15. 4f. The Marketing Mix- Packaging • Packaging: refers to the ways a product is presented to the customer. • A form of product differentiation. • Important if product’s design, functions, or features are not easily differentiated from others • How are you going to make your product look unique? Desirable? • People’s moods are affected by things such as: • color • texture • appearances • Businesses use these factors to entice customers • Wrapping services

    16. 4f. The Marketing Mix- Packaging • What are the various functions that packaging can have on the marketing mix? • Has an impact on customer perceptions of a product or brand. • acts as a form of differentiation - free gift wrapping • protects against damage during transportation. • labeling informs your customer of the contents. • makes distribution easier. • can encourage impulse buying – eye catching • used to advertise the brand or the business. • One major drawback to packaging is the COST

    17. 4g. The Marketing Mix- 8 P’s? Product Packaging Price Process Marketing Mix Promotion People Place Physical evidence

    18. 5a. Ethics of Marketing • Moral principles that guide business behavior. • Marketing ethics refers to the moral aspects of a firm’s marketing strategies • Unethical marketing behavior exists when moral codes of practice are not adhered to and their actions offend the public. • Bait-and-switchmarketing techniques? • are techniques which are considered unethical. • they are used to entice customers by advertising deals that are too good to be true. • Once customers are hooked on the deal (the bait), they discover that it is no longer offered and change to purchase another more pricey alternative (the switch). • Who uses bait-and-switch? • Airlines companies • Mobile phone companies • Real Estate companies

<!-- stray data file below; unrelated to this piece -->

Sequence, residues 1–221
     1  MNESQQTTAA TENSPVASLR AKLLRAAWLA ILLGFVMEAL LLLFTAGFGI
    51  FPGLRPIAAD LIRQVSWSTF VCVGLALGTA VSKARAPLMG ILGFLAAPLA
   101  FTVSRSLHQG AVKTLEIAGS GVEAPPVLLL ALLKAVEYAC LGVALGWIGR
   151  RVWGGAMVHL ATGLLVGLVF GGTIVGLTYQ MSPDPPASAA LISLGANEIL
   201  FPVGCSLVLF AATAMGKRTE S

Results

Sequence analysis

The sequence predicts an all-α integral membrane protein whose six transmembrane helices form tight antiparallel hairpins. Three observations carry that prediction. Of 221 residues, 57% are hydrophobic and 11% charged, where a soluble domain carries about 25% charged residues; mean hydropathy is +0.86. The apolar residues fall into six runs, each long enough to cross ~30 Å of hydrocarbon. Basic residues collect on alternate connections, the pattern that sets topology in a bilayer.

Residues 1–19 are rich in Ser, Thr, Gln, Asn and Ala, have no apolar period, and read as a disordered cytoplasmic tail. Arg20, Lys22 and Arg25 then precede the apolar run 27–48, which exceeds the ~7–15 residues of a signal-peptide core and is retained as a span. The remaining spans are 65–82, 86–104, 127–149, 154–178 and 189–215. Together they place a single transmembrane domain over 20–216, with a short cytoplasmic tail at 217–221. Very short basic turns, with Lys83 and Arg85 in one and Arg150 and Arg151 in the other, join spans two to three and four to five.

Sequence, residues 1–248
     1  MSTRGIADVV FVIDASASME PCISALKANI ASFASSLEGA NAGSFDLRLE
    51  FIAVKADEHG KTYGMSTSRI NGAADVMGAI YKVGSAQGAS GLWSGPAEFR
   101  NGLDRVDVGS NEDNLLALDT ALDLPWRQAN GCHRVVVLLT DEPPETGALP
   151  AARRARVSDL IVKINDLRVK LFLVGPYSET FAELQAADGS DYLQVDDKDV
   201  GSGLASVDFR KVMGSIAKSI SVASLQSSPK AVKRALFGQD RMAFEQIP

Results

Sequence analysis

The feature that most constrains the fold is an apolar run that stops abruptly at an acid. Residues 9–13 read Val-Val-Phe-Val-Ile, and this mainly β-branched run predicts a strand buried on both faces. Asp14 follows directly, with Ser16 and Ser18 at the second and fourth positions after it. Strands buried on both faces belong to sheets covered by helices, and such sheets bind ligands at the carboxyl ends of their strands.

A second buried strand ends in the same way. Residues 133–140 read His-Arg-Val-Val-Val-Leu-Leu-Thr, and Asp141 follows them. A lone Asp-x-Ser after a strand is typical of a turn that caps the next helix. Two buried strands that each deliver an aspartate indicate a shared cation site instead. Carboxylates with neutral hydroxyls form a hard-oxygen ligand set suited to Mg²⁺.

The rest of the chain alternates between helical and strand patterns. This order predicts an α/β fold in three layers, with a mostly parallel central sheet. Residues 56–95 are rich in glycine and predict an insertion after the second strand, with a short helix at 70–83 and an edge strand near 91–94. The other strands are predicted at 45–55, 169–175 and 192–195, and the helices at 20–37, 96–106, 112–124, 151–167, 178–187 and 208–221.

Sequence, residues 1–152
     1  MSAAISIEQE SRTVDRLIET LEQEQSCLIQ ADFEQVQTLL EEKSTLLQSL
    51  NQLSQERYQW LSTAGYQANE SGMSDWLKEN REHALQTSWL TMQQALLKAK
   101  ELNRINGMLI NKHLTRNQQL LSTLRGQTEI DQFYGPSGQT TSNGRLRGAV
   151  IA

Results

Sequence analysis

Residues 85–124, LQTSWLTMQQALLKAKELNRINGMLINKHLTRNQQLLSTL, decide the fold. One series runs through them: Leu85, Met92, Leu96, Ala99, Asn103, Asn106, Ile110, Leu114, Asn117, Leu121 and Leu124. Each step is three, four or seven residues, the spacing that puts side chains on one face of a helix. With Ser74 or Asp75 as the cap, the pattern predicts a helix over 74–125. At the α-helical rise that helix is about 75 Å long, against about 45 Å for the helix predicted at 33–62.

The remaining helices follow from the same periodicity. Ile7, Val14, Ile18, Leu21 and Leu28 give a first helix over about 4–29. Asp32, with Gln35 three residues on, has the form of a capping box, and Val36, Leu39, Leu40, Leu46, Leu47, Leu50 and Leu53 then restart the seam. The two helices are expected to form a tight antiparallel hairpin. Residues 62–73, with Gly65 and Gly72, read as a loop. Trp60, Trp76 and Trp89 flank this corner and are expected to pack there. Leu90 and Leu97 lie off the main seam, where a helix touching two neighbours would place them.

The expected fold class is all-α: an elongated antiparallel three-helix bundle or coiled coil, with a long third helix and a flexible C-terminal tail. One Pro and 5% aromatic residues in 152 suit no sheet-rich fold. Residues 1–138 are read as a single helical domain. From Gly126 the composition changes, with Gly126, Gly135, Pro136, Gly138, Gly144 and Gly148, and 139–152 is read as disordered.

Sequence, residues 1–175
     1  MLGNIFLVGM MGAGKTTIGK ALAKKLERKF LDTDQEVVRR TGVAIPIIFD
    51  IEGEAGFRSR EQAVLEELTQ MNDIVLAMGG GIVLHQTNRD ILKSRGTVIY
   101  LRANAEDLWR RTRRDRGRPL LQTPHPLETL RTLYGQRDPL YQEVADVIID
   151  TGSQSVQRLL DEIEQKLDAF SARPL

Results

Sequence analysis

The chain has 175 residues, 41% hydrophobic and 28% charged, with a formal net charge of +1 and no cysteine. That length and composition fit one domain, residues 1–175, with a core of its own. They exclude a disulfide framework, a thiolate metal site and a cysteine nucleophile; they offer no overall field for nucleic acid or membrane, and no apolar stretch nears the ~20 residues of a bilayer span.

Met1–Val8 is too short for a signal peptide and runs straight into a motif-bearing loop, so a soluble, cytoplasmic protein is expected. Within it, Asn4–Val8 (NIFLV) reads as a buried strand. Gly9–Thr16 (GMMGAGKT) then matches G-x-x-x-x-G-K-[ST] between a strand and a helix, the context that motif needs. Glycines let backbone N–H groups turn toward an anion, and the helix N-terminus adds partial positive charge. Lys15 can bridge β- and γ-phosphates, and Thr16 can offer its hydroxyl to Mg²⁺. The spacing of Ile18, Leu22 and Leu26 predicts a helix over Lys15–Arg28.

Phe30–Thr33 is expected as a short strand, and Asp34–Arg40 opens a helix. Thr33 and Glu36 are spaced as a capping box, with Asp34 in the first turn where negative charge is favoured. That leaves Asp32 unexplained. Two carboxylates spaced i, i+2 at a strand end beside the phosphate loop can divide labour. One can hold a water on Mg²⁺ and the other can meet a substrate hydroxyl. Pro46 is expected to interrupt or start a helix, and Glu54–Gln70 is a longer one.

19. 5a. Ethics of Marketing • British newspaper reported that $2 billion was spent by customers on the bait-and-switch • Other dubious marketing tactics: • Health fraud • Get rich quick schemes • Travel fraud • Product misrepresentation • fear tactics - limited stock only • unsubstantiated claims - 4/5 prefer our products • Pester power - using children to pester parents into buying products. • Confusion marketing - swamping customers with excessive price information.

    20. 5a. Ethics of Marketing • Ethics are rather subjective – what is offensive to one person may not be offensive to another • Cigarettes advertising is banned in America • Use of unethical marketing is a high-risk strategy • These strategies can backfire and make customers boycott the products • Because of this most business will follow the rules of ethical marketing • These rules are called ethical codes of practice • 3 functions: • Identify acceptable business practices • Encourage internal management and control • Avoid confusion regarding what is and is not acceptable • Most countries monitor marketing activities of businesses through various practices

    21. 6. Marketing Audit • Is a review of the strengths and weaknesses of a firm. • Helps to identify the marketing opportunities and threats facing a business. • What internal and external issues will the audit examine? • the business’s marketing objective and strategies • existing products and brands sold by the business. • the effectiveness of the firm’s recent marketing activities. • firm’s market share • competitor analysis • update on the demographic profile • Gives an overview of your current marketing situation. • Can also assist in creating a SWOT and a PEST Analysis.